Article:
The tube map is a useful base for data maps of London, because most people (north of the river, at least) tend to think of the city’s layout in terms of the tube map – generally, you know what your nearest tube station is. We’ve used the idea before to show maps of life expectancy, jobs and local languages, but TotallyMoney have taken the idea for one of London’s most discussed metrics – the cost of property in the capital.
There’s been a few property price/tube mashup maps that have crossed the Mapping London desk over the years, but we particularly like this one because rather than using the official map (which TfL get upset about, and can be hard to work with), or a geographic map (which is less recognisable, if more representative) it uses a hybrid, custom-created map which is recognisable enough as the tube map but has a design which works well in showing the data. We particularly like the ribbon-like, always-important River Thames which flows organically through the map.
The creators have also been careful to make clear what they are showing – it is the average price per square foot of properties for sales within half a kilometre of each of the tube stations, based on data from Zoopla on 1 May 2016. In some cases this may only be a small number of properties (and Heathrow is removed altogether as there are obviously no sales there!) but the variations as you travel along tube lines are relatively smooth, suggesting the measure is accurate and useful. Values range from £300 around Dagenham, in the east, to Knightsbridge, in central/west London – the latter being handy for Halfords but a property would set you back £2000 per square foot. A typical 1-bed London flat is around 500 square feet, so multiply the values by 500 to get a equivalent price – so that’s £150,000 for Dagenham and £1mm for Knightsbridge. There is a full explanation of the methodology on the map’s website which notes that, in many areas in central London, the value is higher than an equivalent floorspace made entirely of premium Macbook Airs.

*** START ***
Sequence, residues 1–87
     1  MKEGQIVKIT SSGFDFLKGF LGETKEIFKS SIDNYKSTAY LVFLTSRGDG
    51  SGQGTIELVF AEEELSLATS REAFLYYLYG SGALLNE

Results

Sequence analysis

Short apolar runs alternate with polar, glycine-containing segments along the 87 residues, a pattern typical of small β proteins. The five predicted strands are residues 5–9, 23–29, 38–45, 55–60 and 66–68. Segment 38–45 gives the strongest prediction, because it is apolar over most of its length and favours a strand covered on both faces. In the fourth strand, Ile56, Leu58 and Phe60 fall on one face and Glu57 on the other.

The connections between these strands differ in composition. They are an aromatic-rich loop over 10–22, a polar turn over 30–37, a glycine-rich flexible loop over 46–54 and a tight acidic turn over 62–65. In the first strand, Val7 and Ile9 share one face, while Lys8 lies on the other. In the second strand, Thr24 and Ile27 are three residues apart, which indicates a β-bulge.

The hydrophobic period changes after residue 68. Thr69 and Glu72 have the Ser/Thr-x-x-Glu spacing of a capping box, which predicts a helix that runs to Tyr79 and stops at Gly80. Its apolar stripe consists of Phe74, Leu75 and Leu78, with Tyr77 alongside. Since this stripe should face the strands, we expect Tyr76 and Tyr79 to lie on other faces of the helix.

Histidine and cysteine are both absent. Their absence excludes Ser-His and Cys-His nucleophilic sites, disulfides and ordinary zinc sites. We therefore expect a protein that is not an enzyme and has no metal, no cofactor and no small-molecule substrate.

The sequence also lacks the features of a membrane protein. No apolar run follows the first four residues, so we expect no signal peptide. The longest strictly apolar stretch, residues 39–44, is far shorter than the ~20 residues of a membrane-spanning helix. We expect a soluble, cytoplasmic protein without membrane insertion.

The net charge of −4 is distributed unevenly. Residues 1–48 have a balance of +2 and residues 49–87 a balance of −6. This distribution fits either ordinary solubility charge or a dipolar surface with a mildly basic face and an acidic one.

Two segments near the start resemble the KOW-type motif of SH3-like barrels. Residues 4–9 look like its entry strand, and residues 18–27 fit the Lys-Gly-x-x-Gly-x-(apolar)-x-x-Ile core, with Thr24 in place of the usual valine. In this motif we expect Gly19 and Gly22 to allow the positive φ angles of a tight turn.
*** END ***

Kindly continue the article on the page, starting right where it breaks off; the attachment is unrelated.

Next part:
The map may well show the “high point” in property pricing in London – only yesterday, following Brexit, it was reported that the average property prices was down by £30,000 in a month. This may be due to regular seasonal effects or a short-term reaction, or it may be the start of a downward trend, we will see…
Click the image below for a larger version, or see the original map.
From an email from Totally Money.